The “Philanthropy Puzzler” features gift questions fundraisers may encounter in the field, followed by solutions from our panel of experts. If you would like to send us your own “puzzler,” please email us at info@SHARPEnet.com with “Philanthropy Puzzler” in the subject line.
A donor owns 30% of a ranch in Texas and wants to use it to fund a CRUT. His two brothers also own 30% each, and a nephew owns 10%―only they don’t actually own it. They have retitled the ranch in a C corporation and own shares in the corporation. The individuals have retained the mineral rights for themselves. The C corporation owns the land only. The donor wants to give his portion of the ranch to the CRUT prior to selling. Will he still be able to get charitable gift credit if he funds the CRUT with shares but maintains the mineral rights under the personal ownership? Doesn’t owning shares in the corporation also mean they own the property because they control the shares?
If the split interest was created some time ago for a valid business purpose, the deduction should be allowed. The partial interest rule says there is no deduction where the donor gives less than their entire interest in the property or an undivided interest in the property. In this case, even though the donor owns both the C corporation, which owns the land, and he owns the mineral rights, if he uses his C shares to fund the CRUT, he is giving his entire interest. He doesn’t even have to give all his C shares. For example, if he owns 100 shares, he could use 50 to fund the CRUT. However, if the split interest was created for the purpose of retaining the mineral rights and giving the land to the CRUT, that might be a different situation. In Revenue Rule 76-523, the IRS said, “if the taxpayer created the partial interest for a reason other than the avoidance of the partial interest rules,” a deduction is allowed.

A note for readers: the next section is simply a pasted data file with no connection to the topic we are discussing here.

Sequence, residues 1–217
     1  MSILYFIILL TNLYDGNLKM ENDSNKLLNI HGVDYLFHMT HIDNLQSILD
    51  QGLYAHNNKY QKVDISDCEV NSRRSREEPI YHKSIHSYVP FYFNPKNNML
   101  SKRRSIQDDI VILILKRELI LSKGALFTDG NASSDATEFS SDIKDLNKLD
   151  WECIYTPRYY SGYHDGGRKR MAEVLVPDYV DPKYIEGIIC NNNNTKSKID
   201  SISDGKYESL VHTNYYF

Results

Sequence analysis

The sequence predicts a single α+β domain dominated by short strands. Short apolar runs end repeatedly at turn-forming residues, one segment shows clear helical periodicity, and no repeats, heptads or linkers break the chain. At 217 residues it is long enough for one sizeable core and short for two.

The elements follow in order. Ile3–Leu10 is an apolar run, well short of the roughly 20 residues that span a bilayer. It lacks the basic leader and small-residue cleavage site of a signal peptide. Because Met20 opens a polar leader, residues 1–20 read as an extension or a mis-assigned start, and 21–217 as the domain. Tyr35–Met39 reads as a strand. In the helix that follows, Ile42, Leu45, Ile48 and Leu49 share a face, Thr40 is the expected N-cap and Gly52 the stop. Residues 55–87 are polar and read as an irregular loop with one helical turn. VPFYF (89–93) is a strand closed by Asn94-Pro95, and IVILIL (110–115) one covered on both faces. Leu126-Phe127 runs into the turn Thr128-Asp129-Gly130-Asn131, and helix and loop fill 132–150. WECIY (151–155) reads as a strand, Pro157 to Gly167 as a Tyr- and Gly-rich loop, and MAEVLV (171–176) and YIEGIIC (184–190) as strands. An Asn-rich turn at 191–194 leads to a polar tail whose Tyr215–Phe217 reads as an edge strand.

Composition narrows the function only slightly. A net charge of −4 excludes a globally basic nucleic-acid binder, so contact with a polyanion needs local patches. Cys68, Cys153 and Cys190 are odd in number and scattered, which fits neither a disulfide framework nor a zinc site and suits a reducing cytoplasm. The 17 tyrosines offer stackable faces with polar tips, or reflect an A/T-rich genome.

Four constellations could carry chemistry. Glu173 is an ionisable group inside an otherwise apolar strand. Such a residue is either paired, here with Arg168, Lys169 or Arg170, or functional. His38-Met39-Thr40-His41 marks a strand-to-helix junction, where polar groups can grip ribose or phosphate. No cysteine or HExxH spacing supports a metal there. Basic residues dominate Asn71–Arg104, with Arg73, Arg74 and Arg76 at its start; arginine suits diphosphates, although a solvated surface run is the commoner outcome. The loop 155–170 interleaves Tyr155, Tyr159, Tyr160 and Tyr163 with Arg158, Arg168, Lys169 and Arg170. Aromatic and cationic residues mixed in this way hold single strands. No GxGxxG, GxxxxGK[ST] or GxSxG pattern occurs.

Submitted by Richard Bennett, Director of Trusts, Estates and Gift Planning at The University of Texas MD Anderson Cancer Center, July 31, 2019.